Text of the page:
“To reduce the pollutants, roads will be sprayed and treated with salt water and all vehicles will be off roads 12 hours prior to the event, and hopefully improved air conditions will bring better running experience for the participants.” (IANS)

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Delhi Smog: Odd-Even Car Rule May Return; Consider Cloud Seeding to curb Pollution : HC

The court said that though stubble-burning was the "visible villain", authorities should address the "other elephants in the room" such as dust generated by road and construction activity as well as vehicular and industrial pollution.

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Issuing a slew of direction as immediate measures to control pollution in Delhi-NCR, the court banned felling of trees, ordered sprinkling of water on roads to control dust. Pixabay

New Delhi, November 9, 2017 : The Delhi High Court on Thursday said there was an “emergency situation” vis-a-vis pollution in Delhi-NCR region and asked the Delhi government to consider vehicular odd-even scheme and cloud seeding to induce artificial rain.

The court also asked the Centre to hold meetings with Delhi and National Capital Region authorities to bring in short-term measures to control pollution immediately and to submit a report to it on November 16, the next date of hearing.

Issuing a slew of direction as immediate measures to control pollution in Delhi-NCR, the court banned felling of trees, ordered sprinkling of water on roads to control dust and strict enforcement of construction code to ensure that the air was not polluted.

A Division Bench of Justice S. Ravindra Bhat and Justice Sanjeev Sachdeva also directed the Chief Secretary in the Ministry of Environment and Forest and Climate Control to call an emergency meeting with his counterparts in Delhi, Haryana, Punjab, Rajasthan and Uttar Pradesh and pollution control agencies within three days to discuss ways to curb pollution.

The bench said the Chief Secretaries will also consider the feasibility of cloud seeding to bring down air pollution. This, the bench said, was not a very expensive process and Bengaluru had adopted it.

The court asked the Delhi government to consider bringing back the odd-even scheme — under which vehicles of odd and even registration numbers, with exceptions, ply on roads on designated days — to control traffic congestion and unclog the capital.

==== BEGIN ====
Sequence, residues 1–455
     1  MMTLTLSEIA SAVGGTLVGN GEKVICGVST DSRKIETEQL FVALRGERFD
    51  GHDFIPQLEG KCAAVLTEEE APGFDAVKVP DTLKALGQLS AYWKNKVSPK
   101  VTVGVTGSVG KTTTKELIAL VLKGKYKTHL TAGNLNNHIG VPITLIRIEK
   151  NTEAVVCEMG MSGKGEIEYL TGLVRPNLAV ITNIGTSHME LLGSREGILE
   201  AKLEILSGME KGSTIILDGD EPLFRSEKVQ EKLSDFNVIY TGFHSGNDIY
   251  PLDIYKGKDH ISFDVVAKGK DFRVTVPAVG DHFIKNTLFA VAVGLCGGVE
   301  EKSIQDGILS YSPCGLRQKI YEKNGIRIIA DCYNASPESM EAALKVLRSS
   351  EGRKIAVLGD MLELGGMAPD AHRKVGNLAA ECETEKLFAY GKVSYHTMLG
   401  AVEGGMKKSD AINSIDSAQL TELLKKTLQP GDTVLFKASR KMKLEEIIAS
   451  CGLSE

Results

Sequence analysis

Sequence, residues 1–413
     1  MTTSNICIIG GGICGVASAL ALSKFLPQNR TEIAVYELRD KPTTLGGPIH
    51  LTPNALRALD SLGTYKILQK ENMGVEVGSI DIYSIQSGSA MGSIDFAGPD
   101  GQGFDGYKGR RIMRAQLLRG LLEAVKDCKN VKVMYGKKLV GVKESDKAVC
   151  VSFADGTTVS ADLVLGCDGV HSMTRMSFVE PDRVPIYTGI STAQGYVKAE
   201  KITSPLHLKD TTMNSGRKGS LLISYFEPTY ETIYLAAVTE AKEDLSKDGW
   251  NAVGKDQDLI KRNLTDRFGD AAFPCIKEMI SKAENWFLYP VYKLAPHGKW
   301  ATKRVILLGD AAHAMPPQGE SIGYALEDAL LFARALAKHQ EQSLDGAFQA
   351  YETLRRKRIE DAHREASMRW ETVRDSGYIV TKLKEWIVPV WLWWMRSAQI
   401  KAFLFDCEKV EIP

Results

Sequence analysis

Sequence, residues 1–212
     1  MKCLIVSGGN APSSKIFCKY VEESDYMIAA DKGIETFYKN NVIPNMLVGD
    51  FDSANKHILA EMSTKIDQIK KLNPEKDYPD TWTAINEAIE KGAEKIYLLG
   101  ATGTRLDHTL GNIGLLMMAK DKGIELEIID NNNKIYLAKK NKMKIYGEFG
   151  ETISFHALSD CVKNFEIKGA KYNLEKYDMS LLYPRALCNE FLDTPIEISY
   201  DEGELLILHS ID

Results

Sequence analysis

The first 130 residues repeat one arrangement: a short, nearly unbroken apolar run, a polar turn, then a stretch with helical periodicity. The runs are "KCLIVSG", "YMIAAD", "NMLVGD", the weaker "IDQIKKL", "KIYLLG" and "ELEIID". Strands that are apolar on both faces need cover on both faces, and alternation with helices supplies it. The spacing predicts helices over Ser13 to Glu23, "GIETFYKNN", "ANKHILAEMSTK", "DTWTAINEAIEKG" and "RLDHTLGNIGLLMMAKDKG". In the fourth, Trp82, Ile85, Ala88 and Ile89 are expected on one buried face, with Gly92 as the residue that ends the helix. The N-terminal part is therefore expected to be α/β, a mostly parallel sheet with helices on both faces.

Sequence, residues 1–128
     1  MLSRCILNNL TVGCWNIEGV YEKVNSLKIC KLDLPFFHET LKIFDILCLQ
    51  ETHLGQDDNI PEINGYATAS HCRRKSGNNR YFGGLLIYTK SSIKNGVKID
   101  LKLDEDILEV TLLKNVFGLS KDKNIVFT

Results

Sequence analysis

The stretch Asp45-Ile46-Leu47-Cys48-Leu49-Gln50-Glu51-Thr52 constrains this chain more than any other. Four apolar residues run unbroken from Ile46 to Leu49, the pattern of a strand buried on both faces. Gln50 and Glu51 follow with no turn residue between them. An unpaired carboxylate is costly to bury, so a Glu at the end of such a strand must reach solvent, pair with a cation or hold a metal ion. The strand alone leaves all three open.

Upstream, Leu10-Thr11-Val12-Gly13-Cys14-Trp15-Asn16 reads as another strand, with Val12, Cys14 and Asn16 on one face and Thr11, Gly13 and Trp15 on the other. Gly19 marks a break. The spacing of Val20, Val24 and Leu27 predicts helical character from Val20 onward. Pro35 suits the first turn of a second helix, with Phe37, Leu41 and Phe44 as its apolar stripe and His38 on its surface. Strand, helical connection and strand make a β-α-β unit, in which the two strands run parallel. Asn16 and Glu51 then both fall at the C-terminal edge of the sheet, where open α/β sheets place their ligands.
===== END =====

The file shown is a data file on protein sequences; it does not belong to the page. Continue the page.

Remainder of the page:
But the court questioned the government move to increase parking rates by four times.

“If somebody has to go to a hospital or buy important items, he ends up paying four times more for the parking,” the bench said.

The court said that though stubble-burning was the “visible villain”, authorities should address the “other elephants in the room” such as dust generated by road and construction activity as well as vehicular and industrial pollution.

“London has faced this kind of air pollution. They term it as pea soup fog, which is a killer fog. This is a deadly mixture of construction and vehicular dust and other factors,” the bench said.

The court also directed the Delhi government to conduct a survey of all hospitals in the national capital on availability of oxygen to deal with emergency situations with regard to vulnerability of children and senior citizens.

It told the Delhi government to strictly regulate the entry of trucks into the city.

The court was hearing a suo motu case it initiated in 2015 to control air pollution in the national capital. (IANS)

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Was the Ban on Sale of Firecrackers in Delhi Successful? Data on Pollution Levels in Delhi Say Otherwise

Despite the much talked about cracker-ban, pollution monitoring stations placed the capital in the ‘red zone’, indicating ‘very poor’ air quality.